(2) Moisture content shall not exceed 10 percent by weight of the final product, as determined by the method described in section 24.003 of the AOAC. See paragraph (c)(1) of this section for availability of the material incorporated by reference.

(3) Fat content shall not exceed 0.5 percent by weight of the final product, as determined by the method described in section 24.005 of the AOAC. See paragraph (c)(1) of the this section for availability of the material incorporated by reference.

(4) The additive may contain residues of isopropyl alcohol and ethylene dichloride not in excess of 250 parts per million and 5 parts per million, respectively, when used as solvents in the extraction process.

(5) Microwave radiation meeting the requirements of 179.30 of this chapter may be used to reduce residues of the solvents used in the extraction process.

(6) The additive shall contain not in excess of 100 parts per million fluorides (expressed as F).

(7) The additive shall be free ofEscherichia coli and pathogenic organisms, includingSalmonella, and shall have a total bacterial plate count of not more than 10,000 per gram.

(8) The additive shall have no more than a faint characteristic fish odor and taste.

(d) When the additive is used or intended for use in the household as a protein supplement in food for regular consumption by children up to 8 years of age, the amount of the additive from this source shall not exceed 20 grams per day (about one heaping tablespoon).

(e) When the additive is used as a protein supplement in manufactured food, the total fluoride content (expressed as F) of the finished food shall not exceed 8 ppm based on the dry weight of the food product.

(f) To assure safe use of the additive, in addition to the other information required by the Act:

(1) The label of consumer-sized or bulk containers of the additive shall bear the name "whole fish protein concentrate".

(2) The label or labeling of containers of the additive shall bear adequate directions for use to comply with the limitations prescribed by paragraphs (d) and (e) of this section.

(3) Labels of manufactured foods containing the additive shall bear, in the ingredient statement, the name of the additive, "whole fish protein concentrate" in the proper order of decreasing predominance in the finished food.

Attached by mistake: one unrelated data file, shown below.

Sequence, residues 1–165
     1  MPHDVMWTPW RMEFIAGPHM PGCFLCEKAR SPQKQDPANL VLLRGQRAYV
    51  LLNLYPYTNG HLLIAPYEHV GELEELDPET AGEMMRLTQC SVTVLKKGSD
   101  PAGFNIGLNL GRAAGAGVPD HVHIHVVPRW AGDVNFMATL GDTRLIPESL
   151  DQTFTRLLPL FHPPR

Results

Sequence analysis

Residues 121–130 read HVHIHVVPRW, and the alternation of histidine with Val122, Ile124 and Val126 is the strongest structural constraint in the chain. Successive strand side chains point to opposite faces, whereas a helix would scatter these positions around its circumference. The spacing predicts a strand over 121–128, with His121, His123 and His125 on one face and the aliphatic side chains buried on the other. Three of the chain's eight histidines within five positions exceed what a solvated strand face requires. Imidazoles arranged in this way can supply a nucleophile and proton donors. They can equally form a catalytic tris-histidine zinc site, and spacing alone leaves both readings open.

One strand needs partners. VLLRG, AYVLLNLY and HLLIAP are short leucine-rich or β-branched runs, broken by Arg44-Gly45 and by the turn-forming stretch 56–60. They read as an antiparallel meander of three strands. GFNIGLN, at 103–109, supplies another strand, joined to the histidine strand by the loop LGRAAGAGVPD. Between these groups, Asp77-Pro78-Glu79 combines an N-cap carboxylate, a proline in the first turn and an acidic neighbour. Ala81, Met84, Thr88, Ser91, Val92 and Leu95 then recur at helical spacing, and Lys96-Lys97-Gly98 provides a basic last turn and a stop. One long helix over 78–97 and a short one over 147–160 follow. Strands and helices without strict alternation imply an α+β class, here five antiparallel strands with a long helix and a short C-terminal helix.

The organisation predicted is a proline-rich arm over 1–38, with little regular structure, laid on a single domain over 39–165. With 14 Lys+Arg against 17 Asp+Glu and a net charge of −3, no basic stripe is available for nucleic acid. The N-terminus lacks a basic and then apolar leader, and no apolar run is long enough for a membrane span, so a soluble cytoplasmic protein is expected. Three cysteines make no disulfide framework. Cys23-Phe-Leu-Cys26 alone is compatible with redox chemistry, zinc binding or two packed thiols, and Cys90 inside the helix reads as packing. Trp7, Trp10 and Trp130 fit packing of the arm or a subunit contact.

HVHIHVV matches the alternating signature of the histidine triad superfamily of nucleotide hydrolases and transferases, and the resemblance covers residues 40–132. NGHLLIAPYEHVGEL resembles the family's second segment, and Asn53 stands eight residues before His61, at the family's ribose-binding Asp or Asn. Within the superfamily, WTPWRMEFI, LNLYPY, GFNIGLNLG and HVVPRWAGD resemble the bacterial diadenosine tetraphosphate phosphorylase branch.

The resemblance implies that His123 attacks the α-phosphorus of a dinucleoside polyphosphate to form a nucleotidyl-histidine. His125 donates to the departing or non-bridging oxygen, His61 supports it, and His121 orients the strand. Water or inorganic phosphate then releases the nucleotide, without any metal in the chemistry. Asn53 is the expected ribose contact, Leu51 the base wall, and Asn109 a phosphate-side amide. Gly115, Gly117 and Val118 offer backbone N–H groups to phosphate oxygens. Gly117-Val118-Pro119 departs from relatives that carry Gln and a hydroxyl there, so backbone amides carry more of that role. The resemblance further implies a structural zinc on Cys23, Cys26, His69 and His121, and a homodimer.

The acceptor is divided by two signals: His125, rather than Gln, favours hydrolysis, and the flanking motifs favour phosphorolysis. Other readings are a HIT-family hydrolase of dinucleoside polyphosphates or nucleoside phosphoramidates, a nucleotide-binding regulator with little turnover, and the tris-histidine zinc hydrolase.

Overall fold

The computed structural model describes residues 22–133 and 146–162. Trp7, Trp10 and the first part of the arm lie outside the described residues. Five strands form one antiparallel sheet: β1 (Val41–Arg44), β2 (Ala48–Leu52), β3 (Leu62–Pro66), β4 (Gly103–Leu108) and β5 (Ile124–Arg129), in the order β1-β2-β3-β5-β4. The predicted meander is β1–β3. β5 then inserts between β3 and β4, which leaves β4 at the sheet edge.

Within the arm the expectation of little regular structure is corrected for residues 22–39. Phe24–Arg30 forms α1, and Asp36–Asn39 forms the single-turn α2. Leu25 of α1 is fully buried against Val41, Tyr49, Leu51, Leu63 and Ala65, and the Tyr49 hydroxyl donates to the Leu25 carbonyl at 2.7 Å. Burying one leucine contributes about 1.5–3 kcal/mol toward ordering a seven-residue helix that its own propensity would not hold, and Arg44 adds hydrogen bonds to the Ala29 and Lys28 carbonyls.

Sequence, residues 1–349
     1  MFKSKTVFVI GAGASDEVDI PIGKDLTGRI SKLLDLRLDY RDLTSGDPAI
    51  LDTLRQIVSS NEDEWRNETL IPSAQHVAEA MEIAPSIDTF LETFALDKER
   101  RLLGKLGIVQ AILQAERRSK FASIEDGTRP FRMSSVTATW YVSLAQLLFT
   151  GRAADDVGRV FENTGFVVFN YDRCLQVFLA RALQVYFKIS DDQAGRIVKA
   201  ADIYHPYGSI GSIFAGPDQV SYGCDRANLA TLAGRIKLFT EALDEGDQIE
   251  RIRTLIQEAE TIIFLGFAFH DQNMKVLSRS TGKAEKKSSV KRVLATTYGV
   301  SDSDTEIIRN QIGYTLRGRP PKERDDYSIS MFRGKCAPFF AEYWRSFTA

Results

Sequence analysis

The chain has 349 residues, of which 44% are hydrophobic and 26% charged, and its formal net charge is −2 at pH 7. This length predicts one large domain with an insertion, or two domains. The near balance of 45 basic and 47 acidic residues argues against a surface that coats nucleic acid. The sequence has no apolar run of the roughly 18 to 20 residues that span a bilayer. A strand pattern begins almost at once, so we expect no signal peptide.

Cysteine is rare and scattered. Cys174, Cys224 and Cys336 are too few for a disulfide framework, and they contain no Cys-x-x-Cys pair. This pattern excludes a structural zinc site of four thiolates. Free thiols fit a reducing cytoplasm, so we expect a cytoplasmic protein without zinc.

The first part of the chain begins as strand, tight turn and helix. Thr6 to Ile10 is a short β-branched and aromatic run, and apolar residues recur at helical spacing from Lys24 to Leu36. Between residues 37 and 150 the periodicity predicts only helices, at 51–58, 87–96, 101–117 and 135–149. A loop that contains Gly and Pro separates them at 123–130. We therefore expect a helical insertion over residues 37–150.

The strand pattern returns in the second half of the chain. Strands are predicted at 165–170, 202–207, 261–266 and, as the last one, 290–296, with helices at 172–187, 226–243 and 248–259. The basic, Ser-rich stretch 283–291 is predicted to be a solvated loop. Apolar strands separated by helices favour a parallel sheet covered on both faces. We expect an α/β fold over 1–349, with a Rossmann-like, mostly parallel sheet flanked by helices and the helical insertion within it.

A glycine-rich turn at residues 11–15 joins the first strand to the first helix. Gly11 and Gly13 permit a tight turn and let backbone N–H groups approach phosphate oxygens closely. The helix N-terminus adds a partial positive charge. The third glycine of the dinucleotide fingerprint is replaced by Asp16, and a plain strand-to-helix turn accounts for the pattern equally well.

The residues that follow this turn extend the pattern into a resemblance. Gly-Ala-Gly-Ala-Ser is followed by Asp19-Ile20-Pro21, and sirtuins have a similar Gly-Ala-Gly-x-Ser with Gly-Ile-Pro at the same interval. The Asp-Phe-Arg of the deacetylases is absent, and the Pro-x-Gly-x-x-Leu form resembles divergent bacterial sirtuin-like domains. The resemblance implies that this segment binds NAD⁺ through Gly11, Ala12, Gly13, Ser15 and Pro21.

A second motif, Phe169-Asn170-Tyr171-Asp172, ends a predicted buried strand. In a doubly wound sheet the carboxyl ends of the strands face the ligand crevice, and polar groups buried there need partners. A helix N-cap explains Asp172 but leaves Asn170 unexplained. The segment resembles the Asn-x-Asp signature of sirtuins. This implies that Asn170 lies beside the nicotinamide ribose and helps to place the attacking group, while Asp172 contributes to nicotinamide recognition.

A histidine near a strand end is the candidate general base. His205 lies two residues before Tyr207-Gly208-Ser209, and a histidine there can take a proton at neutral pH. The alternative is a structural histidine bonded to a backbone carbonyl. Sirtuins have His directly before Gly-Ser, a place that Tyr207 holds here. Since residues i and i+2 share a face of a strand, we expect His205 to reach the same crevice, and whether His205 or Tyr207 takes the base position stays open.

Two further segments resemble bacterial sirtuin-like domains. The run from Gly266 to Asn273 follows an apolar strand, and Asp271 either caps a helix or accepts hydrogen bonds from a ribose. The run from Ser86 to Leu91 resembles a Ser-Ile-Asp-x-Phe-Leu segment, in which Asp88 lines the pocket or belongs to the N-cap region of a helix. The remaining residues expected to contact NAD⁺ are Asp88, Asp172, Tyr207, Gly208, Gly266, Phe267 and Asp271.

[42 FR 14491, Mar. 15, 1977, as amended at 49 FR 10104, Mar. 19, 1984; 54 FR 24897, June 12, 1989]

Sec. 172.395 Xylitol.

Xylitol may be safely used in foods for special dietary uses, provided the amount used is not greater than that required to produce its intended effect.

Sec. 172.399 Zinc methionine sulfate.

Zinc methionine sulfate, CAS Reg. No. 56329-42-1, may be safely used in accordance with the following prescribed conditions:

(a) The additive is the product of the reaction between equimolar amounts of zinc sulfate and DL-methionine in purified water.

(b) The additive meets the following specifications:

Zinc content--19 to 22 percent.

C5H11NO2S "DL-methionine"--46 to 50 percent.

Cadmium--not more than 0.05 part per million.

(c) The additive is used in tablet form as a source of dietary zinc.

[46 FR 58297, Dec. 1, 1981]

Subpart E--Anticaking Agents

Sec. 172.410 Calcium silicate.

Calcium silicate, including synthetic calcium silicate, may be safely used in food in accordance with the following prescribed conditions:

(a) It is used as an anticaking agent in food in an amount not in excess of that reasonably required to produce its intended effect.

(b) It will not exceed 2 percent by weight of the food, except that it may be present up to 5 percent by weight of baking powder.

Sec. 172.430 Iron ammonium citrate.

Iron ammonium citrate may be safely used in food in accordance with the following prescribed conditions:

(a) The additive is the chemical green ferric ammonium citrate.

(b) The additive is used, or intended for use as an anticaking agent in salt for human consumption so that the level of iron ammonium citrate does not exceed 25 parts per million (0.0025 percent) in the finished salt.